Register this month for May 5 compost seminar

Mark your calendars for International Compost Awareness Week, taking place May 5–11. 

University Heights will take part in this global effort, kicking off the week with a free Backyard Composting 101 seminar on May 5, 1:30 p.m., at the University Heights Branch Library. Registration begins on April 23, at

Carin Miller, education specialist for the Cuyahoga County Solid Waste District, will present the one-hour seminar. "This program will provide you the information and basic tools you'll need to start a simple, hands-off backyard composting system,” said Miller. “On average, about 30% of household waste is compostable food scraps and yard waste. Backyard composting is one of the easiest things an individual can do to decrease the amount of waste being sent to the landfill.

"Additionally, when food and yard waste is sent to the landfill, it generates methane gas, which has about 80 times more global warming potential than carbon dioxide in the short term."

According to Sara Phillips, University Heights Library manager, "Heights Libraries has recently begun the Sustainable Library Certification Program process through the Sustainable Libraries Initiative, and programs like Backyard Composting 101 are part of our commitment to cultivate a greener future for both our library and community."

Backyard composting may not be feasible or desirable for all residents, and some organic waste cannot be placed in backyard bins. This is where commercial composting comes in. Rust Belt Riders is the local provider of such services.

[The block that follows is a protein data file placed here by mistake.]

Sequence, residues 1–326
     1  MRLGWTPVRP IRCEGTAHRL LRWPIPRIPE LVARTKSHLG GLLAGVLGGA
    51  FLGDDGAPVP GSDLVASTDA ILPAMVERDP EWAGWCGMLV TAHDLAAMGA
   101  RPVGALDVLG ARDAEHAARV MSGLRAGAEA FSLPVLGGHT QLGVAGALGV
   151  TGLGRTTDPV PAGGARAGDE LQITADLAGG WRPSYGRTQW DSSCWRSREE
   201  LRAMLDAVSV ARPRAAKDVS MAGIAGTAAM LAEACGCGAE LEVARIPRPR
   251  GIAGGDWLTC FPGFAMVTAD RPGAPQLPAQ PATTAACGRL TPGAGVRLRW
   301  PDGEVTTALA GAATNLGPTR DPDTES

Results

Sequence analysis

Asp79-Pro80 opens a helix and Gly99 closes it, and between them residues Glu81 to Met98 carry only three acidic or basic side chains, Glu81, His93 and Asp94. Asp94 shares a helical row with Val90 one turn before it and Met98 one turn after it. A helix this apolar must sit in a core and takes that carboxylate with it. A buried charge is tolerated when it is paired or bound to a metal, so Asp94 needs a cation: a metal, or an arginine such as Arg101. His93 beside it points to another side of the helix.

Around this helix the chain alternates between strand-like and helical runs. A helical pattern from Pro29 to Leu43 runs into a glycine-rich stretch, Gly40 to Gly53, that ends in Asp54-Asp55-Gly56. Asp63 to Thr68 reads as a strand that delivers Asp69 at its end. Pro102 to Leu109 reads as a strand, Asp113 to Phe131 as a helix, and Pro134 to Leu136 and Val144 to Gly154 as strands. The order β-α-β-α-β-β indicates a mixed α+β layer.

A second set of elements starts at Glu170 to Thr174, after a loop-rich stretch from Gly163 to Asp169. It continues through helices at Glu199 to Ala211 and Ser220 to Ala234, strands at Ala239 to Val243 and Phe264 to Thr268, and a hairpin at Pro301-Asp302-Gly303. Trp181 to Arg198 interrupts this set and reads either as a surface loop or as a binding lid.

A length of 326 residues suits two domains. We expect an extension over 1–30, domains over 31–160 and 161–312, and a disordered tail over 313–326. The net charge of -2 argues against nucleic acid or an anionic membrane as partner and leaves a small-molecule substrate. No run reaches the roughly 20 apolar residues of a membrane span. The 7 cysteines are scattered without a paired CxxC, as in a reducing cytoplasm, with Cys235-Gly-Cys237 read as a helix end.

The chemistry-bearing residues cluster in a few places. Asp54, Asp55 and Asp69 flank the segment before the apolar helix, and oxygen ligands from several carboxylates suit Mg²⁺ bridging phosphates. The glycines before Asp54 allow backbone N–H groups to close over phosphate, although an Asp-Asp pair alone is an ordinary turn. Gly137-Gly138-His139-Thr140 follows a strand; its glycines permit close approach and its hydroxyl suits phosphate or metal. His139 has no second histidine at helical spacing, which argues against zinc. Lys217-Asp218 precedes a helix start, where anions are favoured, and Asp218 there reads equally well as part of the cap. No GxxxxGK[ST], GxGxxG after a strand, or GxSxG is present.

Zoe Apisdorf, director of residential experience for Rust Belt Riders, explained, "Composting at home is a great step for those interested in building closer relationships with their food use and biological backyard community. For all materials that cannot be composted in a backyard composter, many people choose to work with us as an option, in addition to composting at home. We believe that opting for both is the best solution to keeping all food waste from entering the landfill."

Rust Belt Riders offers curbside pick-up as well as a neighborhood drop-off at Walter Stinson Community Park, aka "The Walt.”

Organic waste composting methods decrease methane, help mitigate climate change, reduce fertilizer inputs, and increase resilience to the effects of extreme weather conditions. University Heights proudly shares in this global effort during International Compost Awareness Week.   

Elizabeth Englehart

Elizabeth Englehart is a member of the University Heights Citizens Advisory Committee on Sustainability.

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Volume 17, Issue 4, Posted 9:55 AM, 03.28.2024